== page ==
Post Post-Graduate Composing
An observation into my personal approach to composition after my post-graduate degree
For the last couple of years I've been heavily into composing music at the behest of my professors in the pursuit of a Masters in Music, Composition. Many of the projects I was involved with were specifically focused toward a particular style or ensemble at the university. As such, these compositions were educational, but few have any lasting value in terms of adding to my body of works. After graduation, I felt the need to write something I could honestly say was from my heart and not for a project or grade --something I could put in my "list of compositions."
I'd met a conductor and his phenomenal piano playing wife while at university. While he's studying conducting, he is also the conductor for a community orchestra. In April prior to graduation, I suggested the idea of a piano concerto, something he could conduct with his wife as the soloist. They jumped at the chance and the project had begun. There were still a number of other compositions, papers and a sundry of other items I had to complete before graduation, so I didn't actually get started thinking about it until after graduation. The month after graduation was filled with trying to get a job, deciding where I was going to land and fulfilling other obligations - so, the piano concerto continued to remain on the back burner. Although I did start talking ideas with the conductor and pianist. Many of these ideas still fell into the realm of concepts I'd been working on as a "student" --things like extended techniques, pitch class sets and obfuscating the beat.
It wasn't until August that I began to work on the ideas in earnest. I'd been reviewing the music I'd written as a "student" deciding much of it wasn't worth keeping in my portfolio. This pushed me to rebel against the concepts I'd been writing and venture into something more akin to what I wrote pre-post-graduate studies. My Violin Concerto and Trumpet Concerto are pieces I am rather proud of and are indicative of "my voice" as a composer. So, I returned to these pieces to explore what it is to be "Chip Michael." I also started to explore other piano concertos I enjoy: those of Chopin, Liszt, Prokofiev and Rachmaninoff. The end result was a conscious decision to avoid anything I'd specifically studied and/or worked on during post-graduate studies.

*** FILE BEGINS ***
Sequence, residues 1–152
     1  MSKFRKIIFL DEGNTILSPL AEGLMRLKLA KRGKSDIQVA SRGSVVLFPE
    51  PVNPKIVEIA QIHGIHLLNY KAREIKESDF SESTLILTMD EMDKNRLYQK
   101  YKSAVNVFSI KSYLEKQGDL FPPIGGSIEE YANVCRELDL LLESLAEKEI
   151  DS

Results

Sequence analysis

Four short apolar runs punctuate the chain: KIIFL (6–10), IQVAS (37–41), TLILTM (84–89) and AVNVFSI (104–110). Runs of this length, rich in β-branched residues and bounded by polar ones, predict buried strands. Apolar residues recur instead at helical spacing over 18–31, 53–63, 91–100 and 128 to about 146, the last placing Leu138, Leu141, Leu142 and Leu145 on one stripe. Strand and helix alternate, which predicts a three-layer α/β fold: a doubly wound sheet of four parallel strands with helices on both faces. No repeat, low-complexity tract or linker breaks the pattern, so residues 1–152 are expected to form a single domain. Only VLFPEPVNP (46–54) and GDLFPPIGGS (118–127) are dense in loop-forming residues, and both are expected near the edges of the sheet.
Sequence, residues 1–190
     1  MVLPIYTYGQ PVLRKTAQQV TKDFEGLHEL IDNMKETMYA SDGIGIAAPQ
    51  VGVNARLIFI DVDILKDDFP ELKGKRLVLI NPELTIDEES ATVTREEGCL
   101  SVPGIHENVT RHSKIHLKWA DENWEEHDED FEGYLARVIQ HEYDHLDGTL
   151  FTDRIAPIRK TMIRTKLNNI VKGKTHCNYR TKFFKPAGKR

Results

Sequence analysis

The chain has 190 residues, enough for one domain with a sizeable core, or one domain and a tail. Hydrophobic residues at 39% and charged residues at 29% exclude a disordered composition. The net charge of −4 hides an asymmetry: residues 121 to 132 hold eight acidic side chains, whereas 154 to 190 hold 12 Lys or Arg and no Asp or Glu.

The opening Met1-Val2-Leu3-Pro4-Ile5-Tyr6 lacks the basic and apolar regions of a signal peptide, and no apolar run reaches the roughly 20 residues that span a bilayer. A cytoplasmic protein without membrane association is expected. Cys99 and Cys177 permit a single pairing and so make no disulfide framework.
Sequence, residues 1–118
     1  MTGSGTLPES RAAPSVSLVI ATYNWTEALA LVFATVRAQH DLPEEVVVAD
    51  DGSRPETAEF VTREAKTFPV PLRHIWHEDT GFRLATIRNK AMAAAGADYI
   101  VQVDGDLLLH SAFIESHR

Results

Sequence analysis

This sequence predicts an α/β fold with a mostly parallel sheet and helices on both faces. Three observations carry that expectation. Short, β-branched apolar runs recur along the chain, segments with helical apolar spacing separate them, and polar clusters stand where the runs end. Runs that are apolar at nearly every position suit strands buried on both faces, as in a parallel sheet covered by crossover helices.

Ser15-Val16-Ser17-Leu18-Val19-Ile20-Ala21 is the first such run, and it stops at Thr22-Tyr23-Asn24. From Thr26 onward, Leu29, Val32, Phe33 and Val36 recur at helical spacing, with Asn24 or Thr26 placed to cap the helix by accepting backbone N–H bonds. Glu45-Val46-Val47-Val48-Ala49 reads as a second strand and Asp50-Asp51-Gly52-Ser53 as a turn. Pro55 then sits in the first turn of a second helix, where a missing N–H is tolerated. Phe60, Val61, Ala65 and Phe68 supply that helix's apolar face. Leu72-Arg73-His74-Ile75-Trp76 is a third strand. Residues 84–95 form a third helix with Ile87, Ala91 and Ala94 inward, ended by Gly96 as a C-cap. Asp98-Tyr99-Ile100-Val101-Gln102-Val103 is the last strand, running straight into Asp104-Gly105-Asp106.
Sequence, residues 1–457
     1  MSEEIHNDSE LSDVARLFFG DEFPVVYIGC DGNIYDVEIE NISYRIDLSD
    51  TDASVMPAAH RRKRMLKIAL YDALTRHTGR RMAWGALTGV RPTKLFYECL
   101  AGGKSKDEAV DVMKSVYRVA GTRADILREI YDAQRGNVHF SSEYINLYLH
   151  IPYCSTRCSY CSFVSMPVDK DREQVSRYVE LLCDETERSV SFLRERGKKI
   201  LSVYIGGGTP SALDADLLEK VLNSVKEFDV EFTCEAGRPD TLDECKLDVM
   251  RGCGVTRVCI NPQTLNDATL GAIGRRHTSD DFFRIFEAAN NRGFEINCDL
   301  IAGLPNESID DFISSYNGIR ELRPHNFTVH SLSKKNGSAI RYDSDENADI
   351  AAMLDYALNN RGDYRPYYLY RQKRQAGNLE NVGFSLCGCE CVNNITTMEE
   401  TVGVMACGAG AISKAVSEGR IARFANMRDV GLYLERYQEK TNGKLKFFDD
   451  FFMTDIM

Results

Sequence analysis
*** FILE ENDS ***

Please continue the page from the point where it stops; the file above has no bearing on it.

September rolled around and I earnestly started to put notes into Sibelius (the notation software I currently use). My love of rhythm and melody combined to create the opening two themes. This moves into a development section following the basic Sonata-Allegro form. I created a series of potential variations of each theme and then did a pick and choose of my favorite ones. What I consider the recapitulation section was first one idea, then another --both ended up in the development section as variations. Eventually what I ended up with wasn't exactly a recap. It sort of starts with the first theme, but not in the home key, the second theme isn't is the home key but actually just a modular shift from its original. It'll be interesting to see what musicologists have to say about this in years to come.
The coda had a problem. I liked how it was building, but I couldn't figure a way to end it --so I played. This "playing" technique is ostensibly improvising on the music already composed to come up with something new. It isn't very craft oriented, but strikes closer to the "listening to one's heart" style of music composition and definitely holds to the spirit of Jazz improvisation. When I finally found something, the notes just fell into place. I haven't gone back through both vertical harmonies and horizontal lines to clean up spots to make sure the flow is really what I want (a technique I learned in Graduate studies), but for the most part it's done --without any real use of my very expensive post-graduate education.
Next, I will go back though and do "clean up," checking all the harmonies and lines to make sure they move the way they should. This is a time consuming process, but something that takes a piece from "nice" to "strong." Again, this is a technique I learned in graduate school. So, while the music is basically a thumbing my nose at my Master's degree, I fully intend to then go back and utilize my education to make sure it's as strong as it can be musically.
Not sure what the next piece will be in relation to my graduate studies education. I rather like the avoidance of the "technical" aspects of my studies in the initial creation of the music. Does any of it seep in through my subconscious? I'm sure it must. Still, the freedom of following music in a more passionate, less intellectual way feels better to me as a composer.
I've love to hear your comments on the music or the writing...